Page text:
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Austin Schoeck
More Than I Imagined Seniors reflect on accomplishments and look ahead

​Austin Schoeck

Graduation year: 2016

Majors: Political science

Minors: Communication studies and philosophy

Activities: Mortar Board Honor Society, Omicron Delta Kappa Honor Society, College Republicans Club, varsity tennis

Internship: United States Attorney’s Office, 2014-2015

Post-grad plans: Drake University Law School this fall

Why Augustana?

I chose to attend Augustana because of its reputation for fostering strong student-faculty relationships. The small class sizes and advising programs help students to develop personal connections with their professors. These connections help students have incredible resources throughout their years at Augustana, and also in the future for things such as letters of recommendation for graduate school.

Are you where you thought you'd be four years ago?

I have surpassed where I thought I would be as a freshman, both in terms of my academic and athletic careers. I never would have imagined I would receive nearly a full-ride scholarship to my top-choice law school (Drake) or that I would go from being a full-time JV player as a freshman to a two-way varsity starter (in singles and doubles) as a junior and senior on the tennis team. 

Who helped you get to where you are now?

Two people who had a profound impact on my college experience were my political science advisor, Dr. Mariano Magalhães, and my tennis coach, Jonathan Miedema. They both helped me tap into my inner leadership abilities and hardworking attitude in order for me to become a better student, teammate and person throughout my career at Augustana.

A peak experience?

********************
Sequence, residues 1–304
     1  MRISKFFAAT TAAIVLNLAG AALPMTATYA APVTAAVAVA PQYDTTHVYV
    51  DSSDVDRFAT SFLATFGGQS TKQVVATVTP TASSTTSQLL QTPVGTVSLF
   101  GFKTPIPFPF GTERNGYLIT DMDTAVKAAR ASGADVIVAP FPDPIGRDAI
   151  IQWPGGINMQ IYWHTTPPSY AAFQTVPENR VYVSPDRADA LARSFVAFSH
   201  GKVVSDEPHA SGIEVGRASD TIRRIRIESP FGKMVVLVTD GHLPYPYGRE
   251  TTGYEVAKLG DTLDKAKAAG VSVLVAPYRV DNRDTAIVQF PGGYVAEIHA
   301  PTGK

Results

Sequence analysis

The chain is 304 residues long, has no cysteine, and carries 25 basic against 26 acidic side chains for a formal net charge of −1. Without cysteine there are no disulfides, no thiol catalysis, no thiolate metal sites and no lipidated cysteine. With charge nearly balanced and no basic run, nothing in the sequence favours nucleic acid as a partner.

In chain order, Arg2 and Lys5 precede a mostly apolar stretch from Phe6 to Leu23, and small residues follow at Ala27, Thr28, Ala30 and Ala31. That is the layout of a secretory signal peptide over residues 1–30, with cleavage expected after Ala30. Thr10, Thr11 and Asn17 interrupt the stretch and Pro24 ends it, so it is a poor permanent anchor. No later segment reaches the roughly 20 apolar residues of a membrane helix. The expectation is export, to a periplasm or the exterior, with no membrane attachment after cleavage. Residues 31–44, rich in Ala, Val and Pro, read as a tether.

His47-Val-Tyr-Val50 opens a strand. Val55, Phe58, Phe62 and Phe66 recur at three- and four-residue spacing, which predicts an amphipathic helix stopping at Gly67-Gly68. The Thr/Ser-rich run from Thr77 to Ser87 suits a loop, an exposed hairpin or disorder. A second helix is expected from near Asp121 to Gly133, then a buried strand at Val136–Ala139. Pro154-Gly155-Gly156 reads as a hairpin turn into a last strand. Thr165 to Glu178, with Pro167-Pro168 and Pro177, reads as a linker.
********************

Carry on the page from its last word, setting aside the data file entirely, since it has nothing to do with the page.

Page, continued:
One of my peak experiences was last year’s conference (tennis) tournament, in which we upset Wheaton in the semi-finals to reach the finals against Carthage. We had lost earlier in the year to Wheaton, so beating them in a very close match was an incredible experience. We ended up barely losing in the conference final to Carthage, but I hope those matches and the experience we gained from them can help us attain our team goal of bringing the CCIW championship back to Augustana this spring!

What has surprised you?

Reflecting on my college career, I am surprised at how much my attitude towards life in general changed. In high school, I was always a good student and athlete, but did not always work the hardest. In college, this changed immediately. I realized how it was silly to waste my God-given talents by not working as hard as I could in the classroom and on the court. I truly believe this was one of the biggest turning points in my life, and I thank the Augustana community for helping me to reach this turning point.

What will you miss the most?

I will miss my tennis teammates the most. In the last couple of years, my teammates and I have helped to transform the culture of the tennis program to one of hard work and perseverance both on and off the court. Our countless practices, workouts and matches together have helped us become a family, and I will miss each and every one of them greatly. 

Advice for the Class of 2020?

The most important piece of advice I received as a freshman, and what I want to give to the incoming class is that managing your time wisely is vital to success in college! One of the easiest ways to do this is to have a calendar in your dorm room, a planner in your backpack, or simply use the calendar app on your phone so that you can write down all the activities you have to ensure you allow enough time for homework, practices, etc.

“As a student, Austin is the sort of person who looks before he leaps. Confronted with an issue, he gathers the facts and listens to opposing views before forming and expressing his own convictions... not that he avoids controversial issues. As a student-athlete, he knows that the best way to approach competition is to prepare. In his Senior Inquiry, he built on work he had done in previous classes. In the end, he produced a powerful argument for re-thinking some basic principles of constitutional law. It was a pleasure to watch his ideas develop.”

— Dr. Dave Dehnel, professor, political science